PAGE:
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Why is illegal gambling illegal? The centennial history of the United States

A Supreme Court decision in May 2018 opened the door to legalized sports bets in the United States, but did not make it legal by itself. All the court did was to eliminate a federal ban on more states allowing sports play. Why no more of them already allowed it?

Sports betting has been illegal in most of the country for generations. Let's start at the horse track a couple of centuries ago.

We have to go way back, before the United States was actually the United States. The first horse racing track in the United States was established in 1665. Before the Revolutionary War, which was financed in part through lottery revenues, many in the colonies considered themselves British subjects. As such, it makes sense that many things are imported from the other side of the pond. Some of those things were cultural basics, like horse racing. The sport has its roots in the 12th century, and people have been playing horses ever since.

In 1868, horse racing had become a much more organized company in the United States, due to the publication of the American Stud Book, a catalog of all the thoroughbreds of America. But in the early 1900s, book making was banned in the United States and that wave almost killed horse racing.

"You start with the general premise that in most states, gambling of any kind was, by legislative declaration, considered illegal," Dan Etna, co-chairman of the Herrick Sports Law Group, told SB Nation. Feinstein LLP. "Some of these things were deeply ingrained in the DNA of the states, if you will, it was not just the law, as, for example, at a given moment, the state of New York, its constitution prohibited gambling of any kind. . "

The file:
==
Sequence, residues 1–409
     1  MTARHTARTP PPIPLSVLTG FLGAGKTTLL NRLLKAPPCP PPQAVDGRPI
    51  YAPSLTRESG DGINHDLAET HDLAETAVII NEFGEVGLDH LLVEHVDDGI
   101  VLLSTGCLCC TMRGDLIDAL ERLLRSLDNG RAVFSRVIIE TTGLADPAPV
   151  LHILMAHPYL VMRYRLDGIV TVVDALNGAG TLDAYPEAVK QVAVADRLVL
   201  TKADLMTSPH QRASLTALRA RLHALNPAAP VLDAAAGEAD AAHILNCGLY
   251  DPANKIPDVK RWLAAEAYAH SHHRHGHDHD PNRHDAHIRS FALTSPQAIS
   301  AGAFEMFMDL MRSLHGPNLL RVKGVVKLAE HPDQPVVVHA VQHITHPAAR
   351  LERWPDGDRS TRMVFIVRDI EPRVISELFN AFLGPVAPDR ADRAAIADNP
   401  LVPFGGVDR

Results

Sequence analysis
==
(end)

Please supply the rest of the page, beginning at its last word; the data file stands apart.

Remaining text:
Mutual bets became the lifeline for horse racing and an acceptable alternative for punters across the country.

In essence, pari-mutuel bets eliminate bets against "the house" and place all bets in a reserve, effectively facing each other. The first machines appeared in the Kentucky Derby at the beginning of the 20th century. The bettors took the pari-mutuel game quickly, finding it preferable to somehow bet with the bookmakers. From the beginning of the 20th century:

Accustomed to years of speculation with blackboards, most runners would definitely prefer to keep betting in the old familiar way. But it seems quite evident, after two months of experience with the machines here and in Louisville, that the public will soon be so used to the mutuels that they will bet as freely on the machines as they would on the books. If the mutuals practically eliminate the unpleasant chatter of fraud that was issued and that often became scandals that provoked the most violent action on the part of the reformers, and again to some extent restore the sport of kings to their former state, When it was a game of knights, you will have achieved a lot.

But outside of horse racing, gambling continued to develop an unpleasant representative.

The laws of gangster boasting during the Prohibition ensured that alcohol, violence and the creation of bets would go hand in hand in public consciousness. The Baseball Black Sox scandal, where members of the White Sox moved to fix the 1919 World Series, did not do favors for the industry either. It became a predetermined way for sports decision-makers to say no to gambling in rounds of integrity. The leagues toed that party line for the next century.